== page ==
Summer is a great time to test the waters in an art class with me, teaching artist, Jennie Traill Schaeffer, of TraillWorks. I'm offering two classes in watercolor for adults with a flex schedule. Choose to get outside for a Tuesday morning class (Watercolor in the Reservation) or stay inside for a Wednesday night studio class (Watercolor Painting & More). People often come to watercolor with much intimidation. However, I find it's a very approachable medium, and I teach techniques that enable forgiveness. It's a fabulous vehicle for finding a type of mindfulness, or just an artistic outlet that is within reach.
You have the choice of 6 weeks (full session) or a 4 week flex schedule, as well as drop in options. Pricing varies due to the location. Beginners through more experiences students are welcome and teaching is adapted to the individual.
You will learn how to use your brushes, paints, water, and set up for either in the studio or on the road. Not only will you develop techniques and perception, you might also improve your drawing, and ability to compose a picture, as well as color theory.
Not sure if an art class is for you? Here's what a former student had to say about her studio classes: "I wanted to thank you for introducing me to watercolor techniques and giving me this lifelong outlet for exploring paint. You not only inspired me to paint, but my husband and son, too. They'd see me with the set and supplies out so would grab a sheet and jump in. As a teacher the gifts you give your students are truly invaluable!" -Mary V, Student
Now through Memorial Day, save 10% on summer tuition. This applies to 4 week flex and 6 week classes. Use coupon code SUMMERH2O at checkout.
"A teaching artist is a practicing professional artist with the complementary skills and sensibilities of an educator, who engages people in learning experiences in, through and about the arts."
After earning my degree in Art Education, alongside a Painting degree from Syracuse University, I entered into the field of public education as an art teacher in my early 20s. It was an eye-opening experience, one that ultimately wasn't the best fit for me. As a novice teacher, I had the dream that I would develop as a professional artist, alongside teaching professionally. Unfortunately, I learned within the first year of teaching, that I wouldn't have the luxury of time to devote to that kind of creativity, as all of my energy was being put into my teaching. I deeply admire public educators, but realized that I needed to pursue a different path to maintain my art-making.
That path led me to offering private art lessons from home, which in hindsight was modeled for me by teaching artist, Nancy Bossert, whom I studied art with in high school. Within a few years of working form home, I opened a space that operated for five years as both a gallery and studio from which I exhibited and created my own work, sold work by other artists, and taught art lessons. Several years and two kids later, I'm on a slightly different road, though the trajectory of teaching and making my art is still constant.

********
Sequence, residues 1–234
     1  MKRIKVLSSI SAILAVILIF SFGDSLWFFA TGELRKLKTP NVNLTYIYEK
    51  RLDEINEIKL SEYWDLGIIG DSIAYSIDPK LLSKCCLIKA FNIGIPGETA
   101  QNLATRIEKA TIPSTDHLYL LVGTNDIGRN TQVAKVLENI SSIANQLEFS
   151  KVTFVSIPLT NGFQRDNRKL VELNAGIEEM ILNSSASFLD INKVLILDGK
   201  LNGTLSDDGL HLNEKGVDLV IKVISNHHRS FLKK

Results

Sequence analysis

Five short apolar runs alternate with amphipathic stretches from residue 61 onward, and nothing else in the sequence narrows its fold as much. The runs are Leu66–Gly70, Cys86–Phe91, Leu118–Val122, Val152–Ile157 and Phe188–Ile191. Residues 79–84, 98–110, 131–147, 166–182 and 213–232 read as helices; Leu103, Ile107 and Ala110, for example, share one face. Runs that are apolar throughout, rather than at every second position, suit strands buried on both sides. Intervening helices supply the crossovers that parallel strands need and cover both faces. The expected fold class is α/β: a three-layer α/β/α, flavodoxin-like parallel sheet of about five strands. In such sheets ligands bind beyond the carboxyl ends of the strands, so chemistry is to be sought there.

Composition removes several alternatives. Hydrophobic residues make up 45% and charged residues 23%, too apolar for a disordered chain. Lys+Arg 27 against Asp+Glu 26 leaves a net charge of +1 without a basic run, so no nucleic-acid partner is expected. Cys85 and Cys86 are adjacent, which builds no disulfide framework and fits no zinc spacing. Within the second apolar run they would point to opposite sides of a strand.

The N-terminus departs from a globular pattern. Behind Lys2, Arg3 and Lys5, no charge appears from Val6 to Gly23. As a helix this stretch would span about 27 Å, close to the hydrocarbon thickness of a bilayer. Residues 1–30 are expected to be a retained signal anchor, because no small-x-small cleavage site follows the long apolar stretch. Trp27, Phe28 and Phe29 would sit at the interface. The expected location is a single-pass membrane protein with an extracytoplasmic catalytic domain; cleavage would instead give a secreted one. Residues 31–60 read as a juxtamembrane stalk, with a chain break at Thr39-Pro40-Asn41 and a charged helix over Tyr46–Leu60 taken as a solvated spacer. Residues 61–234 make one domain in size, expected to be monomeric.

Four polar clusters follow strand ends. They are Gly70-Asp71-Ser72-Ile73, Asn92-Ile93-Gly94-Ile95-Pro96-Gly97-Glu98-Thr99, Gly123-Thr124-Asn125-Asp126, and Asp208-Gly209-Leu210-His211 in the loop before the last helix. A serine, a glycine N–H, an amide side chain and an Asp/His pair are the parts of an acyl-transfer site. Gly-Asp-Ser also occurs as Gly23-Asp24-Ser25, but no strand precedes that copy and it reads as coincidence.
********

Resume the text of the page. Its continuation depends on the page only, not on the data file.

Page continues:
This past fall, I started offering my art classes at Oh! Canary Art Studio in Maplewood, NJ. This new space has allowed me to breathe life back to my lessons, after having taught in a small home studio for a few years in West Orange. Simultaneously I started identifying myself as a teaching artist. During the past year, I've been thinking about ways to redesign and rebrand my blog, which I've been posting to since 2007. After hiring a local web strategist, Dani Geraci, to review my site, she suggested a blog overhaul. The new name came to me recently when a lightbulb went off - "The Teaching Artist."
From here on, you can expect to see posts under the name, "The Teaching Artist." The direction of posts will move towards showing the connections between what I'm teaching and what I'm making. Sometimes it may be an influence from a book I'm reading, unrelated to art, or it may be a direct connection to work I'm creating. I'm teaching in Maplewood and making in West Orange, NJ. Showing up in this arena, gives me purpose, structure and forces new ideas that often filters into my own work. Keep on following, sharing, and please connect with me.
I'll leave you with a quote that resonates with me and accurately describes one of the drives behind a teaching artist, by Richard Bach, the author of Jonathan Livingston Seagull, "You teach best what you most need to learn."
Jennie Traill Schaeffer
"You teach best what you most need to learn." - Richard Bach
Over the summer a Facebook post popped up for a new art studio called Oh! Canary. It caught my attention and thought I should wish the owner much success on her new biz. After sending a quick Facebook message, Lacey Buccellato responded and invited me for coffee. A mutual friend, Leana, mentioned me to Lacey (unbeknownst to me) and suggested she contact me. A few hours later, she told me of her plans to find a new location and we were discussing sharing a space. The rest is history, or shall we say just the beginning.
Saturday we are hosting an Open House to kick off the holidays and announce our winter schedule. Come check out our new digs and see what we have to offer at our open house event! Meet Lacey, owner of Oh! Canary, Leana of Sew Leana, Comic Book Art Studio teacher, Vicki Herzfeld Arlein, and me (Jennie of TraillWorks). Each teacher will have a maker table, customized to the nature of our classes. Talk to the teachers, feel out the space, and gather with our creative community.
Classes offered at the studio range from babies to adults. Join us to find joy in art-making.
WHERE: Oh! Canary Studio, 513A Valley St., Maplewood, NJ
WHEN: Saturday, November 18th, 1 - 3pm
LEARN MORE ABOUT CLASSES with TRAILLWORKS: traillworks.com/classes.html
Jennie Traill Schaeffer
Sometimes called the Kitchen God's Artist, I'm balancing mothering two energetic sons, a big mutt Ringo, making and teaching art. TraillWorks is the apron under which I create and teach. My own art develops mostly in my West Orange home studio, but is sometimes spurred through my teaching.
Join my VIPs for First Dibs
Want to read more from the past? Click here to read archived blog posts from my previous blog on Blogger.
© 2020 TraillWorks
Studio on the 3rd Floor
West Orange, NJ
Want to Schedule a Studio Visit?
Call 973.271.9104 or email firstname.lastname@example.org